Media Review | Special Forces: World's Toughest Test
Updated: Feb 7
Something has always fascinated me about training tier-one units such as Delta Force and the SAS. Beyond just the intensity of the exercises, there is something that exposes the grit, determination, and inner character of the people willing to put themselves through treacherous conditions to become part of a tight-knit, war-fighting team.
This isn't the first time American media has dipped its toes into reality-based television wrapped in a military training package. Shows like "Combat Missions (2002)", "American Grit (2016)", and "The Selection: Special Operations Experiment (2016)" are American-produced programs that have featured a fusion of reality and competition TV. "Special Forces: World's Toughest Test" is similar to "The Selection," where a cadre of former commandos agonizes - I mean, trains - a small squad of masochistic candidates.
What many people will notice is that "Special Forces" is a derivative of the UK-produced "SAS: Who Dares Wins (2015)". The formula and training environment directly pick up where the seventh season of that program left off, except this time, we are bearing witness to a troop of willing individuals with a bit more star power than someone plucked from their home and dropped into a production environment. Many of these contestants (and the cadre) have their followings and fan bases, which is an immediate plus for viewer numbers. It also helps that (most of them) are charismatic, have a history of being in the public eye, and bring their baggage to the training ground.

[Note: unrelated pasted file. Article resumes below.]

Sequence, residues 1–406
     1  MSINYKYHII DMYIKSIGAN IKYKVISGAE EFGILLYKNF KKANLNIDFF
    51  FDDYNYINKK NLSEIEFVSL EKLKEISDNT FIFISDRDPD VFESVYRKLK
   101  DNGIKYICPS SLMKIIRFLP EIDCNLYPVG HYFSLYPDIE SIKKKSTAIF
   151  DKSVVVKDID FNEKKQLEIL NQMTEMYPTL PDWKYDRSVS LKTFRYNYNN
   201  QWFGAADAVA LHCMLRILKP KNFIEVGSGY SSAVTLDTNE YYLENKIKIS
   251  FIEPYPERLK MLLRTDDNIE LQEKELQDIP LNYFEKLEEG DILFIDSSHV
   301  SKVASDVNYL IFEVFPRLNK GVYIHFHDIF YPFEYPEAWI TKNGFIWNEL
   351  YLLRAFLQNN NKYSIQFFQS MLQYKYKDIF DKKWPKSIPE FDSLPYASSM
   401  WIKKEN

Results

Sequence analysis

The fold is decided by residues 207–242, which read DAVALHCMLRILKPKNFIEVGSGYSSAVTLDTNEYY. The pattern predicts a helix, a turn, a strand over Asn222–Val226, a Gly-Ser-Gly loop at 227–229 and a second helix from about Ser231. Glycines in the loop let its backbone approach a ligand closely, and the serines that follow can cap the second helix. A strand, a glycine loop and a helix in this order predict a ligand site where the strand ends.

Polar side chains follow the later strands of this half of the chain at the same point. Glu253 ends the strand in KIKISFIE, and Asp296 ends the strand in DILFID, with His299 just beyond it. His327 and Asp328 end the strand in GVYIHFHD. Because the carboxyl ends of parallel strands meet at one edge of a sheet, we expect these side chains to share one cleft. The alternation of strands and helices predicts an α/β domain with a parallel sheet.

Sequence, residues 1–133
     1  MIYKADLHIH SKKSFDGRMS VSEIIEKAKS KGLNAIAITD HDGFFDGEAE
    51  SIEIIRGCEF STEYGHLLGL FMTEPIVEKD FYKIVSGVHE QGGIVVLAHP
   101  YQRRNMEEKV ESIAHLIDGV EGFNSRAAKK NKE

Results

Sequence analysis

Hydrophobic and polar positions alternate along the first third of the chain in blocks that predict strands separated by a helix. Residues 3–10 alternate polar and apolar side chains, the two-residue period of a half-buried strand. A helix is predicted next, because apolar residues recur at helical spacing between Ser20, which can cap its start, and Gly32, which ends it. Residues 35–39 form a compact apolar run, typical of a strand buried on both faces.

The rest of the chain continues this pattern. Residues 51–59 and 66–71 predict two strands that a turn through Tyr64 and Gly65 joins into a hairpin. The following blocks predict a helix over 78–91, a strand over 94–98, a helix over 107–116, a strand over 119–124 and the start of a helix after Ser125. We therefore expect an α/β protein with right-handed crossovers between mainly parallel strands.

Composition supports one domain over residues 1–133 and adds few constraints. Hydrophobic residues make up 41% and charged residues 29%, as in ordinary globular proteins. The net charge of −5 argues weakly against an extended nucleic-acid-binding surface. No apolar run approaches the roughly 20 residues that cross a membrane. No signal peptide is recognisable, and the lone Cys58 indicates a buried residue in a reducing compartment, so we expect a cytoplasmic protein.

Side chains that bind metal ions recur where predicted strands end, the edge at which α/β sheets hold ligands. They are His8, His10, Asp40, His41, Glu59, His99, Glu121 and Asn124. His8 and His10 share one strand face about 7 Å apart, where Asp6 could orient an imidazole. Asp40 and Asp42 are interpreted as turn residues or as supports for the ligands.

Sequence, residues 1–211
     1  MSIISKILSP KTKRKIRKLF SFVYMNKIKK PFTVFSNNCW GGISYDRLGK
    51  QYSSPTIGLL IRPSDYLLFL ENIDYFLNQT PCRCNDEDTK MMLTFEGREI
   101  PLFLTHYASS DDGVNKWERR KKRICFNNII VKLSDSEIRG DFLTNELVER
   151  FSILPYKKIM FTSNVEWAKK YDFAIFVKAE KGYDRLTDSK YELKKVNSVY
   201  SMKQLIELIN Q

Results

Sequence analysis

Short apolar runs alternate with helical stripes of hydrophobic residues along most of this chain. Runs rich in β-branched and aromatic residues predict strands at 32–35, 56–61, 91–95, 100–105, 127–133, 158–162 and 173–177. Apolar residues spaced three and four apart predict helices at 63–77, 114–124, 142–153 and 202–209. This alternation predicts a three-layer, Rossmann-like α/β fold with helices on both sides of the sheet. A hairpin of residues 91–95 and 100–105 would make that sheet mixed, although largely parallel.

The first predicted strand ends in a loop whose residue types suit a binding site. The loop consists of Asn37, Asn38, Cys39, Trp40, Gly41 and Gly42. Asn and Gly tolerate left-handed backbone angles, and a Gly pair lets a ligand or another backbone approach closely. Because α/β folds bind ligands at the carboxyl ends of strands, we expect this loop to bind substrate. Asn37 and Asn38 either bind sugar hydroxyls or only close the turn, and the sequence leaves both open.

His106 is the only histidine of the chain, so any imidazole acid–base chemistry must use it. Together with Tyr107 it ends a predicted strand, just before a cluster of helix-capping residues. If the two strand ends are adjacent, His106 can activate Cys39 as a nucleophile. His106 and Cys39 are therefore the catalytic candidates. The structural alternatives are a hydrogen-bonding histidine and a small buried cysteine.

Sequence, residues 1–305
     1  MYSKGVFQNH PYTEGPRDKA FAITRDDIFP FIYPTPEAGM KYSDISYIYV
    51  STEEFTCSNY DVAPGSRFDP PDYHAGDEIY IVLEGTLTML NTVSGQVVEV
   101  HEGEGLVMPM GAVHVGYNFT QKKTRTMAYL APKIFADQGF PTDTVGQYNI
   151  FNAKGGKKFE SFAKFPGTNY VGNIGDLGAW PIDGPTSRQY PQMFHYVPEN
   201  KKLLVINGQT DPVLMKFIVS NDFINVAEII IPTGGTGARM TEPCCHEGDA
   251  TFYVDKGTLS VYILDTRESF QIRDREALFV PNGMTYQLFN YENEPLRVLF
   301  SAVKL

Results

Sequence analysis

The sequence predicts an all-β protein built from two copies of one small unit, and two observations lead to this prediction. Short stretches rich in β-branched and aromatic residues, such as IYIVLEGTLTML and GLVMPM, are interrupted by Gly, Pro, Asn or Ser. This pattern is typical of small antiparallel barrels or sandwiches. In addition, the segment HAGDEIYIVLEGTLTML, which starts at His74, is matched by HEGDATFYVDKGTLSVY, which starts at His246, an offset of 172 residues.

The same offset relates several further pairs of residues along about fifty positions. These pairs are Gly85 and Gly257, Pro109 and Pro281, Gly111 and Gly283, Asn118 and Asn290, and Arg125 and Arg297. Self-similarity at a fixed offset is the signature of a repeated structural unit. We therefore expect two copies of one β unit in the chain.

The editing is driven by a need to create drama among the contestants. I do not doubt that the show is presented non-linearly (from Day 1 to Day 10), with the need for the post-production team to put an early focus on those contestants struggling, dominating, and/or having emotional reactions to the environment they are subjected to.
What I enjoy most about these sorts of shows is that we quickly find that physical dominance does not necessarily make a contestant a top contender. Those with solid minds and grit will rise to the top. However, a bad attitude and a lack of military bearing can keep an individual from passing the course, even if they pass all the challenges.
The training exercises and stunts remind me of the program "Fear Factor," except with an apparent military influence. Seeing the cadre demonstrate the activity is fantastic, proving that they can perform. Water is the great equalizer, so I expect many more challenges to involve water.
This show is highly entertaining, especially for those who enjoy military-oriented shows like those mentioned above.
The curated drama is an unfortunate side-effect of a fascinating look into the once-hidden world of special forces selection, but this doesn't keep the show from being unwatchable. Bringing in contestants with some popularity allows an otherwise ignorant audience to become engaged with them and their adventure. I will certainly be watching this program through to the end.